Headache? Take 3 Volts and Call Me in the Morning
May 15, 2001 (Philadelphia) -- Talk about being wired: A 39-year-old man with severe, disabling cluster headaches that didn't respond to any available medications had his headaches completely disappear after surgeons implanted a slim wire into his brain and hooked it up to an electrical stimulator. The first-of-its kind procedure was reported by Italian surgeons here for the annual meeting of the American Academy of Neurology.
Since the surgery, "his life has completely changed; he was totally disabled and unable to work for five years," Massimo Leone, MD, tells WebMD.
Within 48 hours of receiving the wire -- and the three volts of electrical stimulation it carried to the brain region where the headaches occurred -- the man experienced complete relief. When the stimulator was turned off on two occasions when the patient required surgery on one of his eyes, the headaches returned within 24-48 hours, but were again relieved when the stimulator was switched back on.
The patient, a heavy equipment operator, has been free of headaches for nearly a year and has been able to return to work, says Leone says, who works in the department of neurology and neurosurgery at Carlo Besta National Neurological Institute in Milan, Italy.
Chris Janson, MD, from the department of neurosurgery at Thomas Jefferson University in Philadelphia, tells WebMD that similar operations are often deemed to be successful if the patient is able to significantly reduce his medications after the procedure.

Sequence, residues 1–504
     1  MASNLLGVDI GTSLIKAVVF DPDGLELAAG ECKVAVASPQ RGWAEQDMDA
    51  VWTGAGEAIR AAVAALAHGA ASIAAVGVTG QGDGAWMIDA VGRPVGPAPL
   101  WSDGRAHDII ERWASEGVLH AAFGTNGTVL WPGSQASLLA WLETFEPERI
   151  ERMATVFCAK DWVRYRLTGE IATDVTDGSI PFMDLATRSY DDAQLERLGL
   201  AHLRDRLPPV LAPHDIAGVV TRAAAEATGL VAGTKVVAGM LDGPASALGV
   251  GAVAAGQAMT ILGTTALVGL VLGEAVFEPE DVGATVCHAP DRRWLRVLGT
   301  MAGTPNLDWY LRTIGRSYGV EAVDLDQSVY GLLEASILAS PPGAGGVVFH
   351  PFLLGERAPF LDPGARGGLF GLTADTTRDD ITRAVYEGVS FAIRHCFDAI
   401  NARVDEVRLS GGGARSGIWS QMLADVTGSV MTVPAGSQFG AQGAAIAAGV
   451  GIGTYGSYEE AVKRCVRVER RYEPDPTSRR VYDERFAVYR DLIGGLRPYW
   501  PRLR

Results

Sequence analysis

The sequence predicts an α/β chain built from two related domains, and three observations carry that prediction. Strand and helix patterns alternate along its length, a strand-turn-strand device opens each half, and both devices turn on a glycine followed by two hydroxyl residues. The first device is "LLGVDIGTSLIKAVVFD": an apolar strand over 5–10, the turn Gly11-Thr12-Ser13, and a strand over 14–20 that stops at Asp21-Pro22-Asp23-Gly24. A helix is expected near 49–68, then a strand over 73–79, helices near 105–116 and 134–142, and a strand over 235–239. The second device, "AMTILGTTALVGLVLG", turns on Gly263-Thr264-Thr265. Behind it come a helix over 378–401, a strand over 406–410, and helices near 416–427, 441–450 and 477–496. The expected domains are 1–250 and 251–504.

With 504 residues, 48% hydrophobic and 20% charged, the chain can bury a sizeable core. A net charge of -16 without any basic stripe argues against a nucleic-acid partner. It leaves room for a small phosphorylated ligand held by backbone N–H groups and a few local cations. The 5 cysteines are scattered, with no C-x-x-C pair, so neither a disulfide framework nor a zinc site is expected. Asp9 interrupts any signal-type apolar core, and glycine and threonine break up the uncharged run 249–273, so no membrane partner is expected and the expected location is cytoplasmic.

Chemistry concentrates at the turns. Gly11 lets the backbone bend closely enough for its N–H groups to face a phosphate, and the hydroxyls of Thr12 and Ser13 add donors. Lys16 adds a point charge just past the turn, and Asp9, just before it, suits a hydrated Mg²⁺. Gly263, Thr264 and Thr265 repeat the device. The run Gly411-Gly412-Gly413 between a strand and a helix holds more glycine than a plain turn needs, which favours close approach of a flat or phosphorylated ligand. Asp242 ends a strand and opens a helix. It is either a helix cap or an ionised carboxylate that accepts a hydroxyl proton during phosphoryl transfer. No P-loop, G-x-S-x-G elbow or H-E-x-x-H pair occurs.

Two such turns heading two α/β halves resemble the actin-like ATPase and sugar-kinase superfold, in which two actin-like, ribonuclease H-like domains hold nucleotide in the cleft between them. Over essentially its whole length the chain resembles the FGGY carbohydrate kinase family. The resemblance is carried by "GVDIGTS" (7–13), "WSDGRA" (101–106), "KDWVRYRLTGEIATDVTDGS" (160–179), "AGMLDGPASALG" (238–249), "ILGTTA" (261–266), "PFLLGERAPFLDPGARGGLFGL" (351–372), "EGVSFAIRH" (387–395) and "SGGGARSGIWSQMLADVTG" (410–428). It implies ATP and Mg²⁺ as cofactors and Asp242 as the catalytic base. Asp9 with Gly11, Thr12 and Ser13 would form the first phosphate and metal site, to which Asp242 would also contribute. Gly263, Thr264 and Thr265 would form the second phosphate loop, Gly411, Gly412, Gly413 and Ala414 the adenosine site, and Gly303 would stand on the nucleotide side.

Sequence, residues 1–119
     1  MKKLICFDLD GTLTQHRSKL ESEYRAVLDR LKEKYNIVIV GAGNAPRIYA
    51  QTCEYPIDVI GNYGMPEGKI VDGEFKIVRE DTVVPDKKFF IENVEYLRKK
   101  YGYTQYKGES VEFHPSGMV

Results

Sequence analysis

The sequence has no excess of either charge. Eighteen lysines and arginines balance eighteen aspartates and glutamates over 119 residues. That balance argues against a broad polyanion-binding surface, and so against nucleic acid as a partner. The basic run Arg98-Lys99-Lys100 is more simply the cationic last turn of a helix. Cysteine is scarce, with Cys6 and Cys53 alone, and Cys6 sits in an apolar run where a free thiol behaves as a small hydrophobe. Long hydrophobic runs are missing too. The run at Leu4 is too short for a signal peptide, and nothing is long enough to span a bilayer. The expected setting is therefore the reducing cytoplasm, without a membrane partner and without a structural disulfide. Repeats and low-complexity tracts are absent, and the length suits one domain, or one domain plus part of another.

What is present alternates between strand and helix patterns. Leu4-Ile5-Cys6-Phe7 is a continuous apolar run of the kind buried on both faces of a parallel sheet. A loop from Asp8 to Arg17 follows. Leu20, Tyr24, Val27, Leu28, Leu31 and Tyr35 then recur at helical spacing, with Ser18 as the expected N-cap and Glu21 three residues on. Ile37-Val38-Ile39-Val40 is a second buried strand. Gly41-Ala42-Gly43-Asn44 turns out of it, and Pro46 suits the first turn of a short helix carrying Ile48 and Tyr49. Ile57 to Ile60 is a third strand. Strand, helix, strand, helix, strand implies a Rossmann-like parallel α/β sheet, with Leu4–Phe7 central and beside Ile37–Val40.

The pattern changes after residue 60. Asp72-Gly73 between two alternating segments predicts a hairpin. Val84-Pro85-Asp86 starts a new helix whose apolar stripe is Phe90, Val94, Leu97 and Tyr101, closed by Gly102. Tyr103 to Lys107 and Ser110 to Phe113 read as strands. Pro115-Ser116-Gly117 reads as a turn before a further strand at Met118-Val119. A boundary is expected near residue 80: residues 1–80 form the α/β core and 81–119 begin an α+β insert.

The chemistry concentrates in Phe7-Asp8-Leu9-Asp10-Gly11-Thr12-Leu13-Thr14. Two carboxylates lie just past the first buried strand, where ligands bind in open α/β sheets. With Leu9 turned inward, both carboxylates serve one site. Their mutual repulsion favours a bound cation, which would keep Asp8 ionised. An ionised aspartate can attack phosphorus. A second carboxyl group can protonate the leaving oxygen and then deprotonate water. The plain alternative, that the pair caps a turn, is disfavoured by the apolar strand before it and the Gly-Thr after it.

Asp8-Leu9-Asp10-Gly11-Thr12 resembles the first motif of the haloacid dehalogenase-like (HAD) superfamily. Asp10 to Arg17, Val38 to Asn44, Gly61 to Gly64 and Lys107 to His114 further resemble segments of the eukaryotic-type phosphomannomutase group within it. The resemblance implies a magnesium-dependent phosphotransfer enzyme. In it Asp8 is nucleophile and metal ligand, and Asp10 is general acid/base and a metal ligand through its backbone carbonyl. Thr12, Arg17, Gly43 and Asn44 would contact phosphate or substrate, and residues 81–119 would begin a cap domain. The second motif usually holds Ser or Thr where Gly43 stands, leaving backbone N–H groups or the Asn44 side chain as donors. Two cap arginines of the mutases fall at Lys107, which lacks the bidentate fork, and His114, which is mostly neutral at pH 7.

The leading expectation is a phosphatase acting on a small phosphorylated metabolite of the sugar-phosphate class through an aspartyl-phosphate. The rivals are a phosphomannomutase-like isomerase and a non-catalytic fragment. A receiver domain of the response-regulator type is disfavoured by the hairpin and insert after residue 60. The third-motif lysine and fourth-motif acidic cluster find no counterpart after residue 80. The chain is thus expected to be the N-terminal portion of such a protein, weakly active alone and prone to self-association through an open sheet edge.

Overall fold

"In this case it seems that you could wean somebody completely off his or her drugs, and at least in this one individual it works pretty well," says Janson, who was not involved in the Italian study.
Cluster headache is a rare but serious form of headache, so-called because it occurs in clusters or groups. "It is probably one of the worst types of pain that man can suffer from," Leone says.
Unlike migraines, which occur more frequently in women than in men, cluster headaches are a predominantly male affliction, by a factor of about 5:1.
Cluster headaches can occur in episodes of one or two a year, or in the case of the Italian man, they can recur frequently. Although some patients get relief from drugs such as those used to treat migraine, some people with this frequently recurring type require surgery to cut or destroy one of the nerves in the face. This isn't necessarily a cure, however, for these nerves can eventually regenerate.
The Italian man's physicians had tried nearly all of these options, and all had failed, so the surgeons decided to try a different approach (with the patient's consent), called deep brain stimulation, which has been shown to be successful in some cases of Parkinson's disease and other movement disorders.
Recent brain imaging studies have shown that a certain area of the brain appears to be highly active during a cluster headache attack. The surgeons used a three-dimensional imaging technique to precisely place the wire into that region. The wire runs under the skin of the patient's scalp and is connected to a small electrical stimulator implanted under the collarbone.
The surgeons have since performed the procedure on two additional patients, with similar success, says Givonanni Broggi, MD, chairman of neurosurgery at the Carlo Besta Institute, in an interview with WebMD.